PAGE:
This legal imbalance essentially tolerates the kinds of crimes Israel perpetrates in Gaza, and is therefore morally baseless. And it could be argued that Israel’s crimes are as or even more damaging to American interests than are Hamas’s. But that is besides the point.
The “material support” laws also should raise constitutional questions.
Since American law privileges the Israeli Jewish narrative and gives benefits to those violating international law, there should be equal protection issues. The Constitution demands that classes of people not be unfairly discriminated against by the law, yet anti-terror legislation has overwhelmingly punished Arab Muslims. There is undoubtedly a disparate impact (one standard of equal protection violations although a contested one). And since almost all of the State Department designations are of Muslim groups — there is one Jewish one — one could argue there is discriminatory intent (the other standard).
A fair law would criminalize all contributions to support acts of violence or contravene international law, no matter the race or ethnicity of the contributor.
I know this sounds absurd since American foreign policy is not really subject to constitutional scrutiny in practice, and the constitution only really protects people in the country. The problem is when foreign policy is domesticated, it reflects with bias against citizens and non-citizens of countries not aligned with the United States. The USA PATRIOT Act dues just that.
Thus, it also raises a First Amendment problem. The freedom of association is provided for in the Constitution. What this Holy land Foundation ruling says is that Americans cannot associate with hospitals serving their families abroad because other certain parties may benefit, even if the benefit is indirect. Why should anti-terror law trump the constitution here?
One may argue there is a compelling government interest that makes the protection of rights too costly to justify.
What is the government’s interest in denying donations to social charities and to medical services? How does that imperil the security of the United States? No Palestinian faction has declared war on the United States.
Even if it empowers Hamas, it may be in American interests. How? If Hamas proves to be more in America’s interests than an illegitimate Palestinian Authority by, for instance, helping realize the new American peace initiative’s goals, then the Holy Land Foundation
founders are being punished despite contributing to the American foreign policy agenda. This hypothetical demonstrates the slippery subjectivity of anti-terror law.
These laws result in absurd cases. Several years ago, a Dearborn man was deported for giving money to an orphanage. It was run by Hizbollah. But he gave it to the orphanage because his nephews and nieces were forced to live there after Israel killed their parents. How does this make sense?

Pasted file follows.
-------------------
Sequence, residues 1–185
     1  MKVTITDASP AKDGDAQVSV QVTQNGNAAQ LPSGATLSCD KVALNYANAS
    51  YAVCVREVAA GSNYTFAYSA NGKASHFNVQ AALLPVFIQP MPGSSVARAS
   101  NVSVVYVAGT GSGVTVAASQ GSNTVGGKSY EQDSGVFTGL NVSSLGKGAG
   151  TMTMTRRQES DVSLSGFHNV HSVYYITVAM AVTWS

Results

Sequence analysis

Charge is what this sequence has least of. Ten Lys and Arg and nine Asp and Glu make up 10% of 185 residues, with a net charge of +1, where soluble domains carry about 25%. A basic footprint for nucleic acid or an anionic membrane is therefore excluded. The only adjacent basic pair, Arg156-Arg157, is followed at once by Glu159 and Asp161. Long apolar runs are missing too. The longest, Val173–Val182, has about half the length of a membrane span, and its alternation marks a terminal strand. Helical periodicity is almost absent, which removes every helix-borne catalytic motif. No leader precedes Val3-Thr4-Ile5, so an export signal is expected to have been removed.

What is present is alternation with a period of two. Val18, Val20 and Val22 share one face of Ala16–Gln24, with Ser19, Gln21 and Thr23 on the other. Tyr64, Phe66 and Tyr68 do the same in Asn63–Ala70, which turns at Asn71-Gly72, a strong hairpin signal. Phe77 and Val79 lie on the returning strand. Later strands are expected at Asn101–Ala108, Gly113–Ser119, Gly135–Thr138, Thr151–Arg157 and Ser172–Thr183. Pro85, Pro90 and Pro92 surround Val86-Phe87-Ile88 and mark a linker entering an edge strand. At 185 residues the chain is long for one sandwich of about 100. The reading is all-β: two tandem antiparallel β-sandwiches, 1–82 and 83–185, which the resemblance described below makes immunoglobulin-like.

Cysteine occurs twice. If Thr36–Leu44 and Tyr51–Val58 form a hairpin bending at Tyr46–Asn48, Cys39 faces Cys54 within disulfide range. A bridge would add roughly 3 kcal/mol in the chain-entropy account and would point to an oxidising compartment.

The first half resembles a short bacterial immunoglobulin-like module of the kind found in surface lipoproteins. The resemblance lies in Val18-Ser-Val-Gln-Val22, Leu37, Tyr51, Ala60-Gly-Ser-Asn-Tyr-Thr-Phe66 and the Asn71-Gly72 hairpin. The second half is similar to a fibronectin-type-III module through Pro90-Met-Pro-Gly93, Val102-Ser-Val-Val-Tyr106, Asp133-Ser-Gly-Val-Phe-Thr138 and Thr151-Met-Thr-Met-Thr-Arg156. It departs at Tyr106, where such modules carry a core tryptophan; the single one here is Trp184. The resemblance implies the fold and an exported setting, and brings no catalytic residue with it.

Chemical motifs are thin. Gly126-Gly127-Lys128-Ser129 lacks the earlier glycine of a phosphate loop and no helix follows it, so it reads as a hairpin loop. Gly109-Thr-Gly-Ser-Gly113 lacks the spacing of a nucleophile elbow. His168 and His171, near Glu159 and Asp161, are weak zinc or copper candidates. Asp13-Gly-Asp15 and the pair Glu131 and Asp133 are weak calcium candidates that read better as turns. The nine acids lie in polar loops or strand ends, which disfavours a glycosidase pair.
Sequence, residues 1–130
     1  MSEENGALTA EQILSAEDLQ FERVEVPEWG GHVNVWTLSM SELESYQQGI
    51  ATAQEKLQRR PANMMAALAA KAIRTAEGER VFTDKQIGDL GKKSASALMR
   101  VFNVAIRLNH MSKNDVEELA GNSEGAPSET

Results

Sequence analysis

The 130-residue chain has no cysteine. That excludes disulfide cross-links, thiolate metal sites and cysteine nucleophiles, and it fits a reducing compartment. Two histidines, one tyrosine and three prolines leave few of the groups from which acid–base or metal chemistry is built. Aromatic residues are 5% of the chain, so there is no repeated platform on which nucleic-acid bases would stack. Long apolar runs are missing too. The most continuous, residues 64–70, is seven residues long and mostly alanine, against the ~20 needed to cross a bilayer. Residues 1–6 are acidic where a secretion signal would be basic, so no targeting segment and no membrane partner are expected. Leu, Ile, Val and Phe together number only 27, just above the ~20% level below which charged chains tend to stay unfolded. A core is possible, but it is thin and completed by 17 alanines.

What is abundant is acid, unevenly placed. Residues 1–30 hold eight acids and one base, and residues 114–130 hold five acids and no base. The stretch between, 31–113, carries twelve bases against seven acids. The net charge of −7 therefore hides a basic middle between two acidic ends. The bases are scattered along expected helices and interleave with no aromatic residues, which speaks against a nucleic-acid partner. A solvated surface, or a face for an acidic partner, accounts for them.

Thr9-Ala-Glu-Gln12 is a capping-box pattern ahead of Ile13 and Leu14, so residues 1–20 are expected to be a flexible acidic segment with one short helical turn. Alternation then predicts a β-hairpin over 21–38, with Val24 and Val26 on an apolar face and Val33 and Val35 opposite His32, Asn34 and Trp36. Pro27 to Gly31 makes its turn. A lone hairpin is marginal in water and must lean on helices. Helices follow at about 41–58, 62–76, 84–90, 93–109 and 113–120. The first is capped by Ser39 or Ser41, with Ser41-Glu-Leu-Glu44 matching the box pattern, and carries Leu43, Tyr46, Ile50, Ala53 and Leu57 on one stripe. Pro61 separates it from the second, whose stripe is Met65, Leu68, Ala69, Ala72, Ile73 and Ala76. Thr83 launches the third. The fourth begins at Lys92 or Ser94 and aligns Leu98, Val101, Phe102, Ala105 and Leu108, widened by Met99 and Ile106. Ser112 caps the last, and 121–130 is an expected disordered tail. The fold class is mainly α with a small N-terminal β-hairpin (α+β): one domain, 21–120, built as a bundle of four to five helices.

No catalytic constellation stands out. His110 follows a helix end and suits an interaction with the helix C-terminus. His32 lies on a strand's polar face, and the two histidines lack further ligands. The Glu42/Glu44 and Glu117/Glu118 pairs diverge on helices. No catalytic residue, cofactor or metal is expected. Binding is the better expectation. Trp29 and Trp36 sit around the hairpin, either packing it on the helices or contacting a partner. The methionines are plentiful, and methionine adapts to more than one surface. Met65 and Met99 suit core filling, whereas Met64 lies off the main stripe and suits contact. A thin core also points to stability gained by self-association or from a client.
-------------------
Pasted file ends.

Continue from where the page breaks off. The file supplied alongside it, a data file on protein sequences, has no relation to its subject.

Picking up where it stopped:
A few weeks ago, government prosecutors dropped the case against two former AIPAC officials who received and transmitted classified information. The judge’s leniency on this espionage case manifested in a series of early decisions that made the case harder to prosecute. They were treated with kiddie gloves for one of the highest offenses in the land – one with centuries of precedent.
In the Holy land Foundation case, they threw the book at them for crimes that did not even harm the United States, on a legal bases that is a largely a leftover of the unpopular Bush administration. The State department designations and other elements only go as far back as Clinton. Yet, the court will ruin the lives of these men. I recognize this is a moral argument and not a legal one. Arab-Americans and Muslims will only feel alienated by such systematic, bold-faced hypocrisy.
Had the AIPAC officials actually been CAIR employees, and the Holy Land Foundation been a Jewish group sending night vision goggles to settler extremists, the outcomes would have been reversed.
The discrepancy is intolerable. It shows the inherently prejudicial nature of American law during the war on terror. If the Obama administration was wise, they would seek to introduce sanity and fairness into the law. The post-’war on terror’ war on terror should be prosecuted in more logical and narrowly-construed ways. Broad punitive measures resemble collective punishment and manifest in unfair, discriminatory practices. That is all to reminiscent of the Bush legacy we’d all do well to undo.Filed Under arab-americans, HAMAS, palestine, war of terror, Will